The reason I use these is that they  have a different body shape that actually radiates the light, unlike a normal LED where the light only shines out the end.


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 Posted: Wed Aug 5th, 2020 01:04 am
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Hints & Tips No. 2320
Making Removable Mountain Tops  
By Mike Lehmann
Traditional methods such as making a sawcut into hard shell or framing have their place,  when it comes to accessing hidden areas in the event of a derailment. However I do not think there were consistently good liftouts before extruded styrofoam (the pink or blue stuff) came on the scene. It is cheap, light, and sturdy. I tend to use it for all my scenery, but you can use a piece that's just the right size to fill the hole where you need it to go.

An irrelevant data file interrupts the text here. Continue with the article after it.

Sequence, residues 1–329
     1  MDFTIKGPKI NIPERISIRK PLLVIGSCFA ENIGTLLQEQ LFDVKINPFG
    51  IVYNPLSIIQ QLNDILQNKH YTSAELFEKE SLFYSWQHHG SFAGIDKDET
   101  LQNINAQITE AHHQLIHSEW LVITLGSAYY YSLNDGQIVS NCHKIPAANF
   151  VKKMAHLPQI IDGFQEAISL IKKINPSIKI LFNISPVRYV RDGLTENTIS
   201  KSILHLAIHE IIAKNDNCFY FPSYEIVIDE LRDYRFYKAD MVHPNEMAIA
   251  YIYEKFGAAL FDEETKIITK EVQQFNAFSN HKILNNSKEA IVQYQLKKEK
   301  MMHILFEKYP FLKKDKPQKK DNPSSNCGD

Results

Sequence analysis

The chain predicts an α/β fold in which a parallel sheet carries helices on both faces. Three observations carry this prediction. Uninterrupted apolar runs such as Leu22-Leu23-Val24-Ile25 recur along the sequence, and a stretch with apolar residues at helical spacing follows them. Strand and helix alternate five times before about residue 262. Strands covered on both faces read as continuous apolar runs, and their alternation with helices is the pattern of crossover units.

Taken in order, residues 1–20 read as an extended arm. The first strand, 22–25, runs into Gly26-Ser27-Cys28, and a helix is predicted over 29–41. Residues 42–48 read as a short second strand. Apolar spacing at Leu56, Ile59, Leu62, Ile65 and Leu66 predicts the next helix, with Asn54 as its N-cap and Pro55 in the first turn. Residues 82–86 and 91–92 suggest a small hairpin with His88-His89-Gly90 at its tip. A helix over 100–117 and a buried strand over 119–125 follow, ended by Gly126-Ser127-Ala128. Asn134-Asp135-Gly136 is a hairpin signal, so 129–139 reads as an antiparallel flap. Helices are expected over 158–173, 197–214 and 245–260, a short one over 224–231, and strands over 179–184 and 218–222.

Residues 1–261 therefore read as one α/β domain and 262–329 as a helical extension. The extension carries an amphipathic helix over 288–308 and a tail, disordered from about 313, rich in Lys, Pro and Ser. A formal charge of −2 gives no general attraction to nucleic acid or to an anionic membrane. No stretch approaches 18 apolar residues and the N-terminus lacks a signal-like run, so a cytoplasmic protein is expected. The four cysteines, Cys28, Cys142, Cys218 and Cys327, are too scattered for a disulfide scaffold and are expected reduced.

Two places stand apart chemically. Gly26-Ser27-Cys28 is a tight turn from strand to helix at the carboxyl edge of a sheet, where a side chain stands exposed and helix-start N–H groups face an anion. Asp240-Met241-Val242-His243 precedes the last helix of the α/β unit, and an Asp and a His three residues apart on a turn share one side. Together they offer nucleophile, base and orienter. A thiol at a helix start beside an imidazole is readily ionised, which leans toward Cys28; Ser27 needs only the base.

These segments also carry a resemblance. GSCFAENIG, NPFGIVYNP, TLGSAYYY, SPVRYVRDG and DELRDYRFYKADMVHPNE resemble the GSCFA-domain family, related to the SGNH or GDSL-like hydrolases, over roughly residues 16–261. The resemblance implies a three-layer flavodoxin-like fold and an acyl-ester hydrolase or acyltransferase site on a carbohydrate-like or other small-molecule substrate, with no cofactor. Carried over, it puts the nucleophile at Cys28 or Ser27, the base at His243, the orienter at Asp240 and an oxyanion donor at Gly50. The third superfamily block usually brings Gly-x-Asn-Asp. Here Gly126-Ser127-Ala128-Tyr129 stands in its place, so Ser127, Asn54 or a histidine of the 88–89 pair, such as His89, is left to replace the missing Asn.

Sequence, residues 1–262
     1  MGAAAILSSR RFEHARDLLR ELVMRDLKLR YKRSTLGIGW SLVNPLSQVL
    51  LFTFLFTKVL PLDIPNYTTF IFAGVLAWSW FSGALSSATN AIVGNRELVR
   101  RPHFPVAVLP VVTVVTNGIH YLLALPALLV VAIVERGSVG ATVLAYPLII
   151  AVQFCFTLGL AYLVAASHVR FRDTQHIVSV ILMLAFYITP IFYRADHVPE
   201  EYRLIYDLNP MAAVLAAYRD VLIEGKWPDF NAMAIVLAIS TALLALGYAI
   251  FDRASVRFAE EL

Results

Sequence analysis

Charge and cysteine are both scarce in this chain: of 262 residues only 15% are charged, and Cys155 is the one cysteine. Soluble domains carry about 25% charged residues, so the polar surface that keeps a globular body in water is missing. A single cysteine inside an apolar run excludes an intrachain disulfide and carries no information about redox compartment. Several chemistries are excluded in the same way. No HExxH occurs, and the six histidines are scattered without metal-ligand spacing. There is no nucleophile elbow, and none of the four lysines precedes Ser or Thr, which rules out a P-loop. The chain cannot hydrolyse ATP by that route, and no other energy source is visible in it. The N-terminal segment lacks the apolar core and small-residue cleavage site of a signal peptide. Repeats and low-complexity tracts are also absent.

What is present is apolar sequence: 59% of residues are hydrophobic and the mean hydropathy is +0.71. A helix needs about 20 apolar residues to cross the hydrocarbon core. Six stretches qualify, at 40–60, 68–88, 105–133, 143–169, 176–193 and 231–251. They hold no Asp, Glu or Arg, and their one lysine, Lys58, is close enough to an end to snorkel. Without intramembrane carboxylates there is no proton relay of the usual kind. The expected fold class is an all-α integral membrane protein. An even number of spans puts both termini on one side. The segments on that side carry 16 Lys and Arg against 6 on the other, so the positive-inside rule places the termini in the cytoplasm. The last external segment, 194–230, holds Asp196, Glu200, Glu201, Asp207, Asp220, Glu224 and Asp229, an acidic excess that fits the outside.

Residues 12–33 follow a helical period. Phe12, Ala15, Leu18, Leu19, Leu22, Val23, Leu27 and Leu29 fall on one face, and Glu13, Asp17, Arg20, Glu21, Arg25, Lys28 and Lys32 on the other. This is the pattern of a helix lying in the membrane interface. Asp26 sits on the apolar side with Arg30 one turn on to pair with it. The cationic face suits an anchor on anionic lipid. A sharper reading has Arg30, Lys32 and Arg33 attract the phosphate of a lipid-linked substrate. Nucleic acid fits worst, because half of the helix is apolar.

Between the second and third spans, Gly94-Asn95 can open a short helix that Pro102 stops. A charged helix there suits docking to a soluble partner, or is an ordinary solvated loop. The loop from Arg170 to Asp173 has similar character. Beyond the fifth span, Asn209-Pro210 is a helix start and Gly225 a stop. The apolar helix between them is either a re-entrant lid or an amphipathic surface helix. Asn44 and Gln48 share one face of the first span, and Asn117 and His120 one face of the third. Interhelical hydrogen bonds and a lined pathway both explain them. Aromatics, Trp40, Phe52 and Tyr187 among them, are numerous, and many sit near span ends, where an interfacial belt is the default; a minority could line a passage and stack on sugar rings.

Any gaps can be taken up by foliage. I use a thin layer of Plaster of Paris to keep the weight down and any cracks can be 


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 Posted: Fri Aug 7th, 2020 10:50 pm
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xdford
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Hints & Tips No. 2321
 Modelling Dirty Windows 
By Bill Appleton
I work in N Scale but even so I wanted to avoid the see through look of clear styrene in my building windows.  I brushed a thin coat of Woodland scenics scenery cement on the back of the clear window material.  
After drying it was fairly transparent and added a subtle dirty look.  With a very light touch you can rub off areas to give the centre of the window a clear look leaving a slightly fogged edging.  Looks like the effect can add even more impact to HO size.  I compared a dull coat sprayed and a glue coated pane and the glue one looks much more realistic.  If you want to make it dirtier to block the view in just add a second light coat.